Readers share thoughts on vaccine - Albuquerque Journal

Readers share thoughts on vaccine

He felt so good about getting his first COVID-19 vaccine that he shared that joy by passing out dollar bills to others at the shot clinic held at the University of New Mexico Pit.

“Thoroughly enjoyed the smiles I got in return,” reader John wrote. “I’ve never seen a better run mass operation and a happier bunch of people.”

Reader Bill, though, could not completely share that joy. He’s received the first of his two vaccines, but his partner is still waiting for hers.

“A wife or husband gets called for a vaccine shot but then their partner is not called,” he wrote. “This creates more than guilt, it really creates agony.”

He wrote a poem about that. A sampling:

“Torpor sets in,

while you wait for your covid vaccine shot.

And wait and wait and wait

and go to the State health department page

and get told to WAIT!”

Dozens of similar responses to my column last Wednesday, in which I wrote about receiving my first vaccine, offered a look at this divergence of opinion between the agony and the ecstasy, the haves and the haven’t yets.

Many of you decried the randomness of the vaccine rollout, while others praised the smoothness of the process. Many felt helpless and unheard, while others felt hopeful and unified.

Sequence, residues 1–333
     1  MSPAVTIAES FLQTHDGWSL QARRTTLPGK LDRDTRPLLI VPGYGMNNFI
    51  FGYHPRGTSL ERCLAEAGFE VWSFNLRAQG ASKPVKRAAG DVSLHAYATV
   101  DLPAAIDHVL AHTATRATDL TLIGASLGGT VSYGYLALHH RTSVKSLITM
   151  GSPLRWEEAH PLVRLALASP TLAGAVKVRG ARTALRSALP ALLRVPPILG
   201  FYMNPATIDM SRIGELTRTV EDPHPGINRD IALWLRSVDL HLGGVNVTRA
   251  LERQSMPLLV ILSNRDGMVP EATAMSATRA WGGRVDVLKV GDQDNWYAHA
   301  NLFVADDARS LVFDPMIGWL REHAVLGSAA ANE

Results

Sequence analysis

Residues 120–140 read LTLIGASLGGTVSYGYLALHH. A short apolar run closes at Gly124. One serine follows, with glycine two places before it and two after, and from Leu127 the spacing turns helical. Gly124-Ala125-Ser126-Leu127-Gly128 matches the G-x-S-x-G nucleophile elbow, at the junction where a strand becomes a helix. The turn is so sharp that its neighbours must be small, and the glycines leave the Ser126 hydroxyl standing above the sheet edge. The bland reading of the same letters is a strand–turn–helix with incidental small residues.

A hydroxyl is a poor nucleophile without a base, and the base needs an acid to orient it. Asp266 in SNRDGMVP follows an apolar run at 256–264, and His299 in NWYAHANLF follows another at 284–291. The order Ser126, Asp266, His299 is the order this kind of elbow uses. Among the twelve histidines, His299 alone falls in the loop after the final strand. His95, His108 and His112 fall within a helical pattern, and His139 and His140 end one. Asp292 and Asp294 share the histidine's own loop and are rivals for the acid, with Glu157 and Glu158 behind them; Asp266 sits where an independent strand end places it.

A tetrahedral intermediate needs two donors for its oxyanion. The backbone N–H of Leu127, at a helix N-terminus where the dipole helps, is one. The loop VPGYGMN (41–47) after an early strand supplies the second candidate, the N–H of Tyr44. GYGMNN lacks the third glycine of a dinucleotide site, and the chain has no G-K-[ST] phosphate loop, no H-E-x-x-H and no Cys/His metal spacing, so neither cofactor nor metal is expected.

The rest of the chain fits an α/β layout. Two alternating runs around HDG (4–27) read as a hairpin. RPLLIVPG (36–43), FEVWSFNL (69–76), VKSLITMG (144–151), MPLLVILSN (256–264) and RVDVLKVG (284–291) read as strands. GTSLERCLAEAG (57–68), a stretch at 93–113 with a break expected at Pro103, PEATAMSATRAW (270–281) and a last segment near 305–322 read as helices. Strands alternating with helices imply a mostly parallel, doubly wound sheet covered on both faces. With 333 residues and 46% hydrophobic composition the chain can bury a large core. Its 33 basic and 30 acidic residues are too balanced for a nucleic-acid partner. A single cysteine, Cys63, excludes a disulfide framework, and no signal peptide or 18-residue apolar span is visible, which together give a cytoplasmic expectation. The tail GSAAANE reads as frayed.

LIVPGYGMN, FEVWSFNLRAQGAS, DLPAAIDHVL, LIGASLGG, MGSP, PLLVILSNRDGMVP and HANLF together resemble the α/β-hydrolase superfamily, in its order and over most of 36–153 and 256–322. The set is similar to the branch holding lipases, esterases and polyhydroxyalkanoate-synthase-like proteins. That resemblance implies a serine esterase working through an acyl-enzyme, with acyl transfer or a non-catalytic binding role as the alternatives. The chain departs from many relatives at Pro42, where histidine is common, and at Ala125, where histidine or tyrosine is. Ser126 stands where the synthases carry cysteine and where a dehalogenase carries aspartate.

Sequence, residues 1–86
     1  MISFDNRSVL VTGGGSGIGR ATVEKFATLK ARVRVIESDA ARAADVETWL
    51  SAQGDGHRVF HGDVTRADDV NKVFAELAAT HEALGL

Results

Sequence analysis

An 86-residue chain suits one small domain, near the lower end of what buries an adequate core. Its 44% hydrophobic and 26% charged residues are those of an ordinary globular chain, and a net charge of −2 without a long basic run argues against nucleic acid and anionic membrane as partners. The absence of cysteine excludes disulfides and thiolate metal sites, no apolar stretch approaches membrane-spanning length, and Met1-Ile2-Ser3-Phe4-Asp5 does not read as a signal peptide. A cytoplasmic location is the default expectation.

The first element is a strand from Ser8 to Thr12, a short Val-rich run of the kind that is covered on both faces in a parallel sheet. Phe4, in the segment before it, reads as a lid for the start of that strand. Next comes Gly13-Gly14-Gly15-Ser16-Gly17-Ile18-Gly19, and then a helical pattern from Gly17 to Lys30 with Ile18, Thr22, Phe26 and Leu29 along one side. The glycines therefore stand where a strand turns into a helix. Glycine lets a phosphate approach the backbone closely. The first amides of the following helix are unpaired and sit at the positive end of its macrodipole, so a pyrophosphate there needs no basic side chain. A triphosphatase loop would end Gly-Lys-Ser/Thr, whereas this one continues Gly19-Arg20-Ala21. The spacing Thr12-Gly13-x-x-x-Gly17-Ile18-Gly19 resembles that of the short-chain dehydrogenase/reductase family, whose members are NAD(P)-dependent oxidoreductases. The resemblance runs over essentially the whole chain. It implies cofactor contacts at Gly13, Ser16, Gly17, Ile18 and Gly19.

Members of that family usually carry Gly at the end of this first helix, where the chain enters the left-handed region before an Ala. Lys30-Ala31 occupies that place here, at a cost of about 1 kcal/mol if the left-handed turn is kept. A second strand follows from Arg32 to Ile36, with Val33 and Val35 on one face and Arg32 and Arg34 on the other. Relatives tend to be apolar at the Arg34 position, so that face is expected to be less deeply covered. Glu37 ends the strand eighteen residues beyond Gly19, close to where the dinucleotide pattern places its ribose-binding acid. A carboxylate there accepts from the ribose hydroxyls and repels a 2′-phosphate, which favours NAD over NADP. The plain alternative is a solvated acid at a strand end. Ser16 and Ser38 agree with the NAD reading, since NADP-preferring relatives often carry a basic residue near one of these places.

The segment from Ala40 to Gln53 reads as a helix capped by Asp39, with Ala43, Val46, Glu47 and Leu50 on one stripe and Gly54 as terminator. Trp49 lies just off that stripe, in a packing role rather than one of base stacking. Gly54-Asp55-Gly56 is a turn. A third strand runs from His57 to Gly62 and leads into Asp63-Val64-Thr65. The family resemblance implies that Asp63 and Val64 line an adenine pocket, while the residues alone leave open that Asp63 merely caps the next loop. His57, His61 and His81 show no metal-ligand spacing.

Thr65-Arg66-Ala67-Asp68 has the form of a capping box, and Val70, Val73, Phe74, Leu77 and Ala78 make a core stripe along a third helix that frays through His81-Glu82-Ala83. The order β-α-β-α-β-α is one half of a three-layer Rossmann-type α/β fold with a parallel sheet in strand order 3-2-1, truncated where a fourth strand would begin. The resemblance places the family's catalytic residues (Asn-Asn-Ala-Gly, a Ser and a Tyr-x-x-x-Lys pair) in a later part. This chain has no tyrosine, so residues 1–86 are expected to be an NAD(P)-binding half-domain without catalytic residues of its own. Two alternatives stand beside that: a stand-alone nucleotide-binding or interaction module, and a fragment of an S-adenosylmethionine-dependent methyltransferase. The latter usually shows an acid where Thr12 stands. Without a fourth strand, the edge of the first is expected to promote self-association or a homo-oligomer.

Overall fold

“I’m so proud of how our state is doing,” wrote an ebullient Jennifer, who received her first shot at a clinic at Expo New Mexico. “It was the most organized event ever and the staff was wonderful, kind and helpful. I have a month-old granddaughter that I want to see grow up.”

But John’s experience held at a big box store clinic caused big headaches. The line for the vaccine, he said, stretched around the store and into the parking lot that frigid February afternoon. Some prescient folks brought lawn chairs. It took him an hour and 45 minutes – standing – to make it inside.

“The joy of getting vaccinated was lost in the unanticipated long line and cold weather,” he wrote.

I heard from Jackie, a senior citizen who just moved to Albuquerque from Texas with her husband, but before they left they received their first vaccine, the Moderna brand, and were having difficulty finding a local clinic that could provide them with their second Moderna dose in time.

“Looks like we’re off to Texas again,” she said.

Several said they also had made the trek to Texas, hearing that clinics in Amarillo and Lubbock offered shots to anybody who showed up no matter where they came from.

“The good part is that they are welcoming essentially anyone who wants a vaccine,” Linda wrote. “For me it was worth the drive.”

Several people were unhappy that they had yet to receive an alert despite registering in December.

“It doesn’t seem fair that even if you registered within the first few days you still have to wait months when you are in a group that is being called,” Vicki opined. “And I know people who are not in one of the top groups who are getting called.”

Yet Alfredo, who lives in Roswell, said he waited to register so that “older people” could have first dibs on vaccines but decided to register recently because a third brand of vaccine, this one from Johnson and Johnson, has increased the supply.